- Actors: Said Mohamadi, Behnaz Jafari, Bahman Ghobadi, Mohamad Karim Rahmati, Rafat Moradi
- Directors: Samira Makhmalbaf
- Writers: Samira Makhmalbaf, Mohsen Makhmalbaf, Zaheer Qureshi
- Producers: Abbas Saghazsaz, Marco Mueller, Mohamad Ahmadi, Mohsen Makhmalbaf
- Format: PAL
- Language: Kurdish
- Subtitles: English
- Region: Region 2 (This DVD may not be viewable outside Europe. Read more about DVD formats.)
- Aspect Ratio: 16:9 - 1.66:1
- Number of discs: 1
- Classification: PG
- Studio: Artificial Eye
- DVD Release Date: 30 July 2001
- Run Time: 82 minutes
- Average Customer Review: 3.8 out of 5 stars See all reviews (9 customer reviews)
- ASIN: B00005MFI5
- Amazon Bestsellers Rank: 49,165 in DVD & Blu-ray (See Top 100 in DVD & Blu-ray)
Blackboards [DVD] 
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DVD Special Features:
"Making Of" Documentary
Kurdish with English Subtitles
Dolby Digital 2.0
Blackboards is an unusual film. First, it's from Iran; second it's directed by a woman, Samira Makhmalbaf; third, she's only 22. Set near the border with Iraq, the film follows a group of itinerant teachers who wander the countryside looking for students, carrying their blackboards with them. At various points a blackboard comes in useful as cover from gunfire, as a stretcher, and, chopped up, as a splint. Though the film is full of social observation, it functions mainly as allegory. Despite the eagerness of the wandering teachers to impart knowledge, their efforts are largely in vain, and though the film has moments of humour its tone is ultimately rather pessimistic. The director is the daughter of Mohsen Makhmalbaf, himself a noted Iranian director who wrote Samira's earlier film The Apple, a deceptively simple story of two girls who are kept for years in seclusion before social workers order their release. Blackboards is a more elusive film and won't be everyone's cup of tea, but it's thought provoking, often moving and full of insights into an unfamiliar world. --Edward BuscombeSee all Product description
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Top Customer Reviews
Many Iranian films address social issues, but some directors all too readily press the obvious emotional buttons. "Blackboards" does not do this and is a harder nut to crack, but it repays repeated viewings with deeper appreciation. As such I believe it successfully "universalizes the particular", and is likely to retain its significance when other films have dropped by the wayside.
Also included is (younger brother) Maysan Makhmalbaf's 73 minute documentary "How Samira made 'The Blackboard'". This is an important document in its own right, and covers far more than your standard "Making of.." featurette. As one example among many, there is an extended discussion of Samira's debut film "The Apple" including current interviews with the two children of that film. Samira's acceptance speech at Cannes, in which she highlights the push for reform and democracy in her country, resonates all the more strongly now in light of events of the intervening few years. Essential viewing.Read more ›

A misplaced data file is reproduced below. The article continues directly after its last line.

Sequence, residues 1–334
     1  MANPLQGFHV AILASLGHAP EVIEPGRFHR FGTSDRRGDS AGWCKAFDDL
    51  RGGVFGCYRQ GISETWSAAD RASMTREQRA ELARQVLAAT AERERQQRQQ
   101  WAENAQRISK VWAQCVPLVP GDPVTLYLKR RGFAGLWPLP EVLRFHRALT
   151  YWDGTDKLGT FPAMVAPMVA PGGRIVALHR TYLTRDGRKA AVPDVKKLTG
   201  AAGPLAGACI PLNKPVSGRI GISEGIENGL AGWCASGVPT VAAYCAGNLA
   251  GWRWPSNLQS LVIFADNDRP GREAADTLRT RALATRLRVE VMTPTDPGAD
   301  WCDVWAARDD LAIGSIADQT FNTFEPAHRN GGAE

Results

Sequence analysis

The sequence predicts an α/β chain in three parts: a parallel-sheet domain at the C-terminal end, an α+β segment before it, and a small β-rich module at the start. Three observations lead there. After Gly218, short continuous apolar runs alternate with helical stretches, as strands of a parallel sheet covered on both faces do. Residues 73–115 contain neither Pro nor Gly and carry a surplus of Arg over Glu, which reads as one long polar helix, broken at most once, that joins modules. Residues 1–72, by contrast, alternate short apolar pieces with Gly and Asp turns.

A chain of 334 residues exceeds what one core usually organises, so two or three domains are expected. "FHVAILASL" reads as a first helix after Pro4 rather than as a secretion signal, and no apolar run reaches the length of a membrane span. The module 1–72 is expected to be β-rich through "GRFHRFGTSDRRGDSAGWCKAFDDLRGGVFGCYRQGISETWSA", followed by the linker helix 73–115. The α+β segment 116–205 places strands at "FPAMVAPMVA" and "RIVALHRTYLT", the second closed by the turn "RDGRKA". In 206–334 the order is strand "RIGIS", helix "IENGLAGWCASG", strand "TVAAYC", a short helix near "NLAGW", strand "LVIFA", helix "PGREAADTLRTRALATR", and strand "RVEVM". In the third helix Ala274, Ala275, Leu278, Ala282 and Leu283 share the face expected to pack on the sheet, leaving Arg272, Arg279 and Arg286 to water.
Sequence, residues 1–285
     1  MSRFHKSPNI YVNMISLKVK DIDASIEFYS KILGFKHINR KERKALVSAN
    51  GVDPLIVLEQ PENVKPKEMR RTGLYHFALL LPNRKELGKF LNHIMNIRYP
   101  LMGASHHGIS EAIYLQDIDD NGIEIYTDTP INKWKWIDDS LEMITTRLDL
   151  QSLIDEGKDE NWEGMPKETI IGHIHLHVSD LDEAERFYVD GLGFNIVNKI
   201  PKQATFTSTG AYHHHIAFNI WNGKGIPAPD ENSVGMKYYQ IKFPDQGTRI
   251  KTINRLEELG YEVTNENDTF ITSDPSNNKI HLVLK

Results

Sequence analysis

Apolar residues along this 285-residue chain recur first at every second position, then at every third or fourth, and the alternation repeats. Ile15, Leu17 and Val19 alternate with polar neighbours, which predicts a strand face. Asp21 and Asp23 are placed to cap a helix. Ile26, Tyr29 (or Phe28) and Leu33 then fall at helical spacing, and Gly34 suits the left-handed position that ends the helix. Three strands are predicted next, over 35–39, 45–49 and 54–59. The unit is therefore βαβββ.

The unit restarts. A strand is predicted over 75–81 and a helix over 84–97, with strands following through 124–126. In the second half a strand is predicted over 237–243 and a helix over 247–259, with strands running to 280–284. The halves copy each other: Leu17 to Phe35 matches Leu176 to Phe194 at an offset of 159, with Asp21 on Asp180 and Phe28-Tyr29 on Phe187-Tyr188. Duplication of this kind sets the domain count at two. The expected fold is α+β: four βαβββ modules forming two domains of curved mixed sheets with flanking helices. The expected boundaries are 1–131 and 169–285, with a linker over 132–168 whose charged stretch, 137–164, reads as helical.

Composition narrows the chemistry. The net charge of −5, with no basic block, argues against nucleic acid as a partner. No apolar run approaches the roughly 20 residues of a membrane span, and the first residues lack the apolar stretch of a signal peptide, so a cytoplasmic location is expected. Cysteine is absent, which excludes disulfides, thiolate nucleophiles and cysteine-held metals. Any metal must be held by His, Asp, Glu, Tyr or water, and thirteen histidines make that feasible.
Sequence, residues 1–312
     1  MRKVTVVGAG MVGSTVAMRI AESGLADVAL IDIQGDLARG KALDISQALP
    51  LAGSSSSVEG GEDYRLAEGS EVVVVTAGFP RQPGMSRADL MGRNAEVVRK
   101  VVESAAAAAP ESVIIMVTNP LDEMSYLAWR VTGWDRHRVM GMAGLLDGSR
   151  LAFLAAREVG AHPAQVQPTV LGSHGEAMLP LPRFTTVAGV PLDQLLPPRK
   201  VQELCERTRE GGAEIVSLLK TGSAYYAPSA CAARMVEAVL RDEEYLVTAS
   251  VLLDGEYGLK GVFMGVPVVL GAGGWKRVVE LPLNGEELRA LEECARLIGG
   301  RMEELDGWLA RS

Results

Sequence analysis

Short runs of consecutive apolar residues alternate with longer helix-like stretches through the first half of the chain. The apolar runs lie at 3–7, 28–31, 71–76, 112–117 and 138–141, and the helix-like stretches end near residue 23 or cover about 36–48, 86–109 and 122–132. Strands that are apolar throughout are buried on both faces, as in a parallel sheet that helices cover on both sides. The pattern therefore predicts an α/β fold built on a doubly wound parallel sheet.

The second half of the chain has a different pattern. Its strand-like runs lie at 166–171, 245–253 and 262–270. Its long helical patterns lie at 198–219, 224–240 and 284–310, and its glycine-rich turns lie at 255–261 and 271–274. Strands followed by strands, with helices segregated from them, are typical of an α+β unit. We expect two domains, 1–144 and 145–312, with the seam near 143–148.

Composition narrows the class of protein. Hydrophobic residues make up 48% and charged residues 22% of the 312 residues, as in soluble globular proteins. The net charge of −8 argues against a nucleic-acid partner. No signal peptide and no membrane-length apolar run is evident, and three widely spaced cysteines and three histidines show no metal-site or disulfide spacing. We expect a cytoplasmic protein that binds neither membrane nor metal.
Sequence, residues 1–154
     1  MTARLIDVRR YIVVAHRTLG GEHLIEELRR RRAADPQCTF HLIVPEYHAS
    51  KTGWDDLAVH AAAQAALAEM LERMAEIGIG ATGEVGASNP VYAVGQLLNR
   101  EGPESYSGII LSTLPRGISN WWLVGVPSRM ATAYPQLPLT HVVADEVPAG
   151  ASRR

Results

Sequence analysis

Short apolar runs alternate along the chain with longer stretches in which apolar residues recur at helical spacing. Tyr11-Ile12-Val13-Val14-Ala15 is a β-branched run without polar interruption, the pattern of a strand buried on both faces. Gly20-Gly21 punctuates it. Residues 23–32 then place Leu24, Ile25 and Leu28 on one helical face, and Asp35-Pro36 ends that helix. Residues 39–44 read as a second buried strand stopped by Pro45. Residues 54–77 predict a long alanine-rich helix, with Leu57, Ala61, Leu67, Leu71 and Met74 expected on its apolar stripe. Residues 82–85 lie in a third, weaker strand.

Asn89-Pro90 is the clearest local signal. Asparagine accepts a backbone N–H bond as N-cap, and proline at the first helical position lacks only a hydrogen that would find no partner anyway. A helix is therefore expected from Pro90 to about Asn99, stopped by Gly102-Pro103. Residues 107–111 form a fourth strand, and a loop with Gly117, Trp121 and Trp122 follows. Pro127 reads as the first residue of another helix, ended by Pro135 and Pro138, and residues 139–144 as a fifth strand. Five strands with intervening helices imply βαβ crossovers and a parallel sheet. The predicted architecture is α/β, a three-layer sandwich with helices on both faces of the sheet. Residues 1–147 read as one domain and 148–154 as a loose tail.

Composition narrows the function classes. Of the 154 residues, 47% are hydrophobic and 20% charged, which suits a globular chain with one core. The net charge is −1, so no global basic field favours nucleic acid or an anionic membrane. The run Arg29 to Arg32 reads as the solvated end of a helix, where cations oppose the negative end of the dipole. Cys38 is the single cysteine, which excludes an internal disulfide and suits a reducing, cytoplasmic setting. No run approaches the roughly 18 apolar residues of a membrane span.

This is a fine example of Iranian cinema and well worth watching. It also contains some interesting extras. Samira comes across as a very independently minded woman, which must make life difficult for her in Iran at times. Highly recommended viewing.
'Blackboards' reminded me SO much of another story of Iranian children being mules for contraband and risking life and limb to sell them in bordering Iraq - the uniquely titled 'A Time for Drunken Horses'. That remains one of the most beguiling and humbling movies ever made and remains a definite favourite of mine.
Some (well, let's be honest, most) scenes portraying the out-of-work schoolteacher, traipsing around the arid mountains looking for pupils to teach and how he gets married with his only tool of the trade being the barter, are eye-opening. Unbelievable, actually but as the amateur cast are obviously not acting this out for fun and the very seriousness of their plight, this is all very far from being a joke.
The honesty of it all makes one humble simply to be alive, let alone being alive in our comparatively comfortable West. Like I said in my 'Drunken Horses...' review, one to show your children when they start moaning that their expensive trainers are the wrong colour.
I don't think that the details of the plot are needed here. It's a short film and a lot happens, but slowly - and naturally. But, I will say that you'll never have seen so many uses for a board that's painted black in your life before.
This is essential, if minor Iranian cinema. If you do come across it, either on TV or whatever source you can, make time for it. It's unforgettable.
Most Recent Customer Reviews
Quirky, thought provoking, different kind of film to mainstream American pulp, intelligent, well made, haunting,helps to understand the importance of getting an education.Published on 11 Oct. 2013 by Brian Stephens
I run the Amnesty International Club in a girls' school and two years ago, during Refugee Week, I had the bright idea of showing a relevant film across two consecutive lunchtimes. Read morePublished on 17 Dec. 2012 by J. J. Ward